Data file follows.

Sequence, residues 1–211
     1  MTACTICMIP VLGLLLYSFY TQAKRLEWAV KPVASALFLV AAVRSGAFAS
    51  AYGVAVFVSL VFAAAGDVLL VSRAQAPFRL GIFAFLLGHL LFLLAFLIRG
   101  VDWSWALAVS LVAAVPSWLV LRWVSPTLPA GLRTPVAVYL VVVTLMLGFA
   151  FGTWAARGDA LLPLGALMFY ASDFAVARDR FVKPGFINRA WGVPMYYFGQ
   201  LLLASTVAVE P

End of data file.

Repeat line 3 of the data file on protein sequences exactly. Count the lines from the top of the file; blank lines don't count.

    51  AYGVAVFVSL VFAAAGDVLL VSRAQAPFRL GIFAFLLGHL LFLLAFLIRG